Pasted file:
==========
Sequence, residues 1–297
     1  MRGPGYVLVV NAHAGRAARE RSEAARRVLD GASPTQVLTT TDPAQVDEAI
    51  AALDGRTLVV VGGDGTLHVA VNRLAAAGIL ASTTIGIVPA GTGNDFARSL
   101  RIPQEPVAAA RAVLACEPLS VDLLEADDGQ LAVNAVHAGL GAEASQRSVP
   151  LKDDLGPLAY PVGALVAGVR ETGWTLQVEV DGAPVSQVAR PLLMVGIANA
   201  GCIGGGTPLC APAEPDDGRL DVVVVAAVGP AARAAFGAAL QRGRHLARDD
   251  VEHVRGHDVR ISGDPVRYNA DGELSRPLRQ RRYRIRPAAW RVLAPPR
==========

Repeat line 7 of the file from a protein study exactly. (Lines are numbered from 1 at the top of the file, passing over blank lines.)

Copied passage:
   251  VEHVRGHDVR ISGDPVRYNA DGELSRPLRQ RRYRIRPAAW RVLAPPR